Saturday, April 3, 2010

Lace In Translation – The Design Center’s curtain call?

Count on me to catch Lace in Translation at The Design Center in its very last day. Is this the end of The Design Center at Philadelphia University? If it is, while unquestionably tragic, they end on high note. The exhibition is modest in size, but more than compensates with thoughtful curation and artwork of depth. The guiding concept is simple: reflecting on Philadelphia’s history as a onetime industrial powerhouse, when the Quaker Lace Company was a titan of manufacturing in the city, two artists and one collective were invited to reinterpret lace, a somewhat archaic and marginalized form, for the 21st Century. They were given access to The Design Center’s archives, which include the collection of Frederick Vessey, the head designer for Quaker Lace in the late 19th Century into the early 20th Century. The artists drew from his lace samples and personal sketches, incorporating aspects of his designs into their own new projects for the exhibition.

Demakersvan - Lace Fence, 2009

Approaching the center by car, one first meets with Demakersvan’s chain-link fence, which lines the driveway. The power of this work is how displacing it feels to have a simple chain-link fence transformed into something of beauty. We expect these fences to demarcate property lines, ensconce urban playgrounds, and even separate prisoners from the outside world. It is bracingly unexpected to see such delicate lacework seamlessly woven into the standard biased grid pattern.

Tord Boontje - Sofa, 2009

Tord Boontje has command of the three galleries within the center. He sets lace in reverse of its trajectory through industrialization, unearthing its handmade origins and then bounding straight ahead with these foundational principles into the age of high-technology. But do not pooh-pooh him for toeing the line of craft; design is truly at the forefront of what he has done. The tangled web of his sofa is lace under a powerful magnifying glass, while being simultaneously exploded and then reconstructed. His woven and knotted raffia palm leaf curtains, screens, and even garments are “green” design minus the present’s prevailing trendiness.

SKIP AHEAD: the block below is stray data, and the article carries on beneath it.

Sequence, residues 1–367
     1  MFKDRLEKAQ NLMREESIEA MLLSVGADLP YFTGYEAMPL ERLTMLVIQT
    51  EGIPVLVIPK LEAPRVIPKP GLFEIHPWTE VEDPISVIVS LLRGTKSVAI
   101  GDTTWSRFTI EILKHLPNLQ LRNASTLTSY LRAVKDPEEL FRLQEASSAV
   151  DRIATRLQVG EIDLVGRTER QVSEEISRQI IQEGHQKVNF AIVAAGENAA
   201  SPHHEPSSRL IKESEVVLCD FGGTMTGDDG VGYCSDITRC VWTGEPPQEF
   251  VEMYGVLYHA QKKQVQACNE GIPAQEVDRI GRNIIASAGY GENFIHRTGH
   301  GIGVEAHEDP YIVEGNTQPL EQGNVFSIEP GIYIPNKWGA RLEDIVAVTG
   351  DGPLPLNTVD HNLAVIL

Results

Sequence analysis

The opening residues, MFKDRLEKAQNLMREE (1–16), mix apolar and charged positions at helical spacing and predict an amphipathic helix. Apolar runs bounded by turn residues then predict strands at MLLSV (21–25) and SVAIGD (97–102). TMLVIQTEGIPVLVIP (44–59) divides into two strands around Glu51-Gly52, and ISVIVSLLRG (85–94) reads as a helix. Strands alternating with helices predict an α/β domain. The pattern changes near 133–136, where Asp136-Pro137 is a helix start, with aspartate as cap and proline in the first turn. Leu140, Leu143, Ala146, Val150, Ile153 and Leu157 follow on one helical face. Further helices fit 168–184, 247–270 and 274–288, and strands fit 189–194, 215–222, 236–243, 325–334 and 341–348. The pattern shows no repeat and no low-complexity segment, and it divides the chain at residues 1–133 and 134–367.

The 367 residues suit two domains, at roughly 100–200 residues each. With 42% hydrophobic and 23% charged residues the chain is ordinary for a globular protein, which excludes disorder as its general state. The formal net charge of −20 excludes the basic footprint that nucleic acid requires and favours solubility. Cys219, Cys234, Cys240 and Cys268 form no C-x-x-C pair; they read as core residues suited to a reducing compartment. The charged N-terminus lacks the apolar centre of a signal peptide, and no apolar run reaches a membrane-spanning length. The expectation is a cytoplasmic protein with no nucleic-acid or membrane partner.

Cal Lane - 1000 Gallon Oil Tank, 2009

Finally, in the back yard, Cal Lane provides the show-stopper of the exhibition. I imagine her chosen oil tank being exhumed from some back yard, having spent decades as a workhorse in the service of home heating; it dreams of metamorphosing into something beautiful, rather than meeting its almost certain final destination at the scrap yard. Lane has made the tank into something that is both delicate and weighty, airy and earth-bound. Rust is a crucial component to her plan, continuing the tank’s transformation process via oxidization.

The quintessence of good design, all of these objects are beguilingly simple. But much of the action takes place upstairs, that is to say, within the minds of the artists who have imbued their works with intelligence and maturity, entrusting the audience to not only enjoy their visual handsomeness, but also decipher their nuanced levels of meaning.

Tord Boontje - Raffia Lace Curtain, 2009

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